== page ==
Hello. I would look into the recent case from the San Francisco area with Doug Burns, who is the current Mr Universe and a type 1 diabetic. He was arrested after he went low and showed the classic symptoms of lows, including confusion and loss of balance. The police thought he was drunk or on drugs or something, and he was arrested, but was the charges were subsequently dropped once the police and prosecutors understood the conditions related to diabetes.
Contact your local American Diabetes Association chapter, they have the resources to help you on a local level with issues like this. I'd also suggest you contact the Children with Diabetes organization, here's the page where you can contact them:
They do advocacy as well as education for legal issues like this. Good luck.
Thank you so much for the information and contacts.
I was a coach, during my time with the team, One of our guys had low blood sugar and was in W.M superstore, He grabbed something to drink and eat and was charged with shoplifting. To the ignorance of the police they did not believe him at the time. He finally had charges dropped, but the general public needs to kow about these things. whose to say it might help alot of people out. My husband is Type-1, insulin depndt. there is alot to deal with and people need to understand how to deal with it. there is a reason for every action. Most are health related and it goes un-recognized.
Back to the original issue: your son hopefully has had an awakening of the dangers of type 1 people drinking heavily. Hypoglycemia is a real danger to type 1 diabetics. Most doctors recommend drinking no more than 1 alcoholic drink at a time, for alcohol damages the liver's ability to release emergency sugars if the person gets hypoglycemic. Your son needs to wake up to this reality. Yes, he may have done this because he was hypoglycemic, but since no blood test was done to prove it, one can also assume that he was just drunk and therefore unable to remember his actions. People who are not diabetic do dumb things when they drink heavily, too, and often they cannot remember doing them. So in a court situation, you can probably expect this to be brought up. Your son needs to never put himself in a situation where he loses his ability to think clearly, for this can be life-threatening to a type 1 diabetic. He probably has already realized this, but while we are sympathetic to the fact that when hypo we can do things that we truly are not responsible for, we really should never combine that danger with the danger of being too drunk or stoned to be responsible for our actions. The combination is just too dangerous to us.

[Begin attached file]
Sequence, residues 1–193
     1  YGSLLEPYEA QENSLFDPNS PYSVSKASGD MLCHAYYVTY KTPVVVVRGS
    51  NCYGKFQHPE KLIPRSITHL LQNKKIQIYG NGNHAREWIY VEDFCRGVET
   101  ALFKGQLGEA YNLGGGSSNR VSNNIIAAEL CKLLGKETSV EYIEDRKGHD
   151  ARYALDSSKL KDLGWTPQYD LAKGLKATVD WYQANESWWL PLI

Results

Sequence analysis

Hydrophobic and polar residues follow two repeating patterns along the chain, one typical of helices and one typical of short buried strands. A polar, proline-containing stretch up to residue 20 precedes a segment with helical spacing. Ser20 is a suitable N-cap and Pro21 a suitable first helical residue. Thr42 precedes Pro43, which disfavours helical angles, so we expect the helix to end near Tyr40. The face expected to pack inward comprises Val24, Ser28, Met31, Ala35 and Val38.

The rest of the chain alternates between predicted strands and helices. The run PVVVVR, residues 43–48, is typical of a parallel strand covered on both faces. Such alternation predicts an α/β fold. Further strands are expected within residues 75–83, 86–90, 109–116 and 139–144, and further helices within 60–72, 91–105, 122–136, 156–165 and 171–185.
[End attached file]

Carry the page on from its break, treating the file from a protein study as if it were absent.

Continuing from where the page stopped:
I don't mean to judge or preach. I just thought that while on the Forum, this point needs to be made clearly to those who read this thread. The reality is that he may not be able to convince the judge that diabetes had anything to do with his behavior at all since he had been drinking. If he had not been drinking heavily, his case would be much stronger.